At least he’s half right:
Those who argue for "End The Fed" have yet to reconcile the fundamental nature of the problem: It is not The Fed that is the issue, it is the presence of so-called "laws" with no penalty for non-compliance that is where the problem resides.
In point of fact The Fed's actual mandate for stable prices is exactly correct. Followed to the letter we have no debasement of the currency over time, no inflation, and you can save a mere 7% of your income -- if your Social Security taxes were then to be merely returned to you in retirement along with that 7% you would have an effective 20% saving rate for retirement and would need exactly nothing beyond that for a reasonable retirement lifestyle similar to that of your working years! If you saved nothingyou would still have a 13% saving rate and we would meet the mandate of the "social safety net" allegedly to be provided.
If the "law" had actually been followed there would have been no ramp in credit compared to GDP because it could not have been funded. There would have been no Internet bubble, no Housing bubble and no crash. House prices never would have gone materially over 2x incomes and likely would be between 1x and 2x. Medical and college costs would be what they were then. Wages would have risen with productivity but not beyond, and you would have kept that standard of living increase instead of having it stolen by the vipers of Wall Street and the Capitol. Jobs would not have been offshored and there would have been no incentive to hire illegal aliens and displace American workers.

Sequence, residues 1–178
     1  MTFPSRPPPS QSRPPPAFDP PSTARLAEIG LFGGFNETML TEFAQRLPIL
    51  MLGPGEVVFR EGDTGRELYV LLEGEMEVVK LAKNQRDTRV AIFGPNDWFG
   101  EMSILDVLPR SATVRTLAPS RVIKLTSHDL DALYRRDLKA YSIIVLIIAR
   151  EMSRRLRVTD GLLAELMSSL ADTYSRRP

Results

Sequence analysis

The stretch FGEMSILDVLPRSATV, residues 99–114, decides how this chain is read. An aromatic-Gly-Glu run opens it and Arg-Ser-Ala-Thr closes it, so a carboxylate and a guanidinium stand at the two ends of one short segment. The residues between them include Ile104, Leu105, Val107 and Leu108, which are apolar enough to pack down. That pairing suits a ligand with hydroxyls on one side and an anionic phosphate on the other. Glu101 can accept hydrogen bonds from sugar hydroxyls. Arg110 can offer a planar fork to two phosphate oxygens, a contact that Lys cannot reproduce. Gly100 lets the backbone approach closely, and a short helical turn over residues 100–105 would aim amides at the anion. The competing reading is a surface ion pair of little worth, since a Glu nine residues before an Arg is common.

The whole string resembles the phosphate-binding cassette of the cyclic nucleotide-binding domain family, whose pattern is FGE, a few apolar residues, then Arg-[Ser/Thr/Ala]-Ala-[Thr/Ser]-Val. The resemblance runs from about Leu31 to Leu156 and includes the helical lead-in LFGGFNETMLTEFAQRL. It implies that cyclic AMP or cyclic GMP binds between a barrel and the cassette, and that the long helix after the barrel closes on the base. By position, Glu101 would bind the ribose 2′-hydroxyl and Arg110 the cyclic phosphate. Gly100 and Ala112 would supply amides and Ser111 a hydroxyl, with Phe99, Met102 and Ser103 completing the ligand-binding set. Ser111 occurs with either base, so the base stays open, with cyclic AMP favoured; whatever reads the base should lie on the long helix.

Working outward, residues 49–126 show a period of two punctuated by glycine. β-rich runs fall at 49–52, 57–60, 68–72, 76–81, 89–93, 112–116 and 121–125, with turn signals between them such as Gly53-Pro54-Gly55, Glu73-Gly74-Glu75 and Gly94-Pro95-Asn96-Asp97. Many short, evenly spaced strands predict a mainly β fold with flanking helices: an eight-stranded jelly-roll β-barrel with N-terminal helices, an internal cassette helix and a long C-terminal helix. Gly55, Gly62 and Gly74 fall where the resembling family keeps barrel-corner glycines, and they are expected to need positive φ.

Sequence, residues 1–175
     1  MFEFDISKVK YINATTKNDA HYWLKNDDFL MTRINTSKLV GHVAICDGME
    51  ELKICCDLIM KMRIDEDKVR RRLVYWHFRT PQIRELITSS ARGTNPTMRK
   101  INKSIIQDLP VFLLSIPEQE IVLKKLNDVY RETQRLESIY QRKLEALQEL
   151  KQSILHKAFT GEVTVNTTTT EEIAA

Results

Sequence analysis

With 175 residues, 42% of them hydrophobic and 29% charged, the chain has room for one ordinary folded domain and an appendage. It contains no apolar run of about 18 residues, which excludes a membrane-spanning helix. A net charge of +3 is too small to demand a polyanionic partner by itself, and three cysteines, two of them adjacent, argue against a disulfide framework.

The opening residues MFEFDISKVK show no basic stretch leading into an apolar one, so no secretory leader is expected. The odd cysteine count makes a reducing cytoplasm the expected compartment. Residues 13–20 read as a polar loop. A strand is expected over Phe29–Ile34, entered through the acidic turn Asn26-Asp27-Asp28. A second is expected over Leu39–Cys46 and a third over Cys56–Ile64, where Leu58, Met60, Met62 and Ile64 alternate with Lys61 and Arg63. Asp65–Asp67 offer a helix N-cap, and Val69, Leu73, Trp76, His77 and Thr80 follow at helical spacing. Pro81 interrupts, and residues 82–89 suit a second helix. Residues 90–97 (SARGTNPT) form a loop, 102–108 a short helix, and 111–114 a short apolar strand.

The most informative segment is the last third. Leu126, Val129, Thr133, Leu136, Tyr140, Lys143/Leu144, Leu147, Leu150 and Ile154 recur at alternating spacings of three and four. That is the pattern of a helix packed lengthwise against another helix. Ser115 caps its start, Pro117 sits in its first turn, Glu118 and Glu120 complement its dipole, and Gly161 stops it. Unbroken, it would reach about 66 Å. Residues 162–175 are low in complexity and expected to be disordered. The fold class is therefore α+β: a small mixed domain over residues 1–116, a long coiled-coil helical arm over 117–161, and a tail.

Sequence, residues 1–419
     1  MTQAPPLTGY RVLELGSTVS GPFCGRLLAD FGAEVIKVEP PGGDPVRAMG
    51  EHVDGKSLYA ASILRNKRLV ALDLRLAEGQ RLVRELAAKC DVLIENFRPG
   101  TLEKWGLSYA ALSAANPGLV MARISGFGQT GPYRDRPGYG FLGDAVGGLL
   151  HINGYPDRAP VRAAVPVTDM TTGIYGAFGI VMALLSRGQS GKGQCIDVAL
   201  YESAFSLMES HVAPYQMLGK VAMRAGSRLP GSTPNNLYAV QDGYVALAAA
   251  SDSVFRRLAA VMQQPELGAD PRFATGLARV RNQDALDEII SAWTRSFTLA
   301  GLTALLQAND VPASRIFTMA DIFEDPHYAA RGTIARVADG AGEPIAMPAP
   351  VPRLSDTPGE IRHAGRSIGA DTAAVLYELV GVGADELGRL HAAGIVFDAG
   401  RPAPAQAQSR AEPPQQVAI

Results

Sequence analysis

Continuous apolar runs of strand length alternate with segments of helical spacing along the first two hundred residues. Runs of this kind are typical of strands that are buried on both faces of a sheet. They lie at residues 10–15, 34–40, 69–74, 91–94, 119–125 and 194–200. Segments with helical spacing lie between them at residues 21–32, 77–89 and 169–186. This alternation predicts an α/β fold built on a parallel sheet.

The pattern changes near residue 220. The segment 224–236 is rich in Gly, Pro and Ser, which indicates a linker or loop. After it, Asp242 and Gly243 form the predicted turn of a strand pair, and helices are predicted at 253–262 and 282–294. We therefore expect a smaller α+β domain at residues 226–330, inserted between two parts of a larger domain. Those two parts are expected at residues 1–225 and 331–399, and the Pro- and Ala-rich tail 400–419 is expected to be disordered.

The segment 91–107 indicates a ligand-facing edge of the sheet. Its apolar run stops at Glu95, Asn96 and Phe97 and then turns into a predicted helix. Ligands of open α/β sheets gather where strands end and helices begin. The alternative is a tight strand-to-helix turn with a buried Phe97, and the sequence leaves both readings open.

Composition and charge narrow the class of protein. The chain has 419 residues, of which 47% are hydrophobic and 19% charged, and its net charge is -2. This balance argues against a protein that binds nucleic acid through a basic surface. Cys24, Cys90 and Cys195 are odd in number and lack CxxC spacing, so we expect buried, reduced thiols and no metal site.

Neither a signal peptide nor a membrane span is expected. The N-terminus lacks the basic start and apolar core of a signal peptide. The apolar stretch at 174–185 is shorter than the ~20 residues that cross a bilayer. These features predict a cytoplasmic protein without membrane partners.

So why didn't it happen this way? That's easy: There is no "or else" in these so-called "laws."
Ending The Fed will do exactly nothing without fixing this problem. Competing currencies will do nothing without fixing this problem. In point of fact essentially every current economic issue we faceis found, at some point, in this singular premise.
Those who continue to beat on the "End The Fed", "Competing Currencies" and other similar-sounding drums are either missing the mark because they fail to analyze the problem or worse, they're shilling for those who are looking for yet another way to rob you blind when the current scam, which is about to collapse, comes down around their ears. [Emphasis in the original. –ed.]
Yes, technically, the problem is that the Fed is ignoring the plain black-letter law that is supposed to govern it, and no one is doing a single thing about it. Yes, many of the problems will go away if the law is simply enforced.
However, those calling for the abolition of The Fed are still correct in doing so because they recognize, quite clearly, that The Fed cannot violate the law if The Fed does not exist. Is reform possible? Certainly. Will it happen? Maybe.
Even if reform happens perfectly, there is no guarantee that The Fed will still operate within the bounds of the law indefinitely. There’s nothing preventing The Fed from regressing, save for one thing: abolition. Ending The Fed and preventing its resurrection will effectively prevent The Fed from making this sort of mess ever again.
Again, Karl Denninger is correct in noting that the laws, as they currently exist, must be enforced. He’s also correct in noting that prior wrongs must be redressed by the government, through courts system. There are laws on the books, they should be enforced, and the banksters should go to jail for the massive fraud they’ve committed.
However, Denninger is crazy to think that all that’s needed to keep The Fed from going bad is a little bit of law enforcement. The history of central banks is quite clear: they exist solely to enable the government to steal from the common people and line the pockets of their rich friends. That’s what central banks do, and no amount of reform and law enforcement will change this fact. And that’s why it’s time to end The Fed.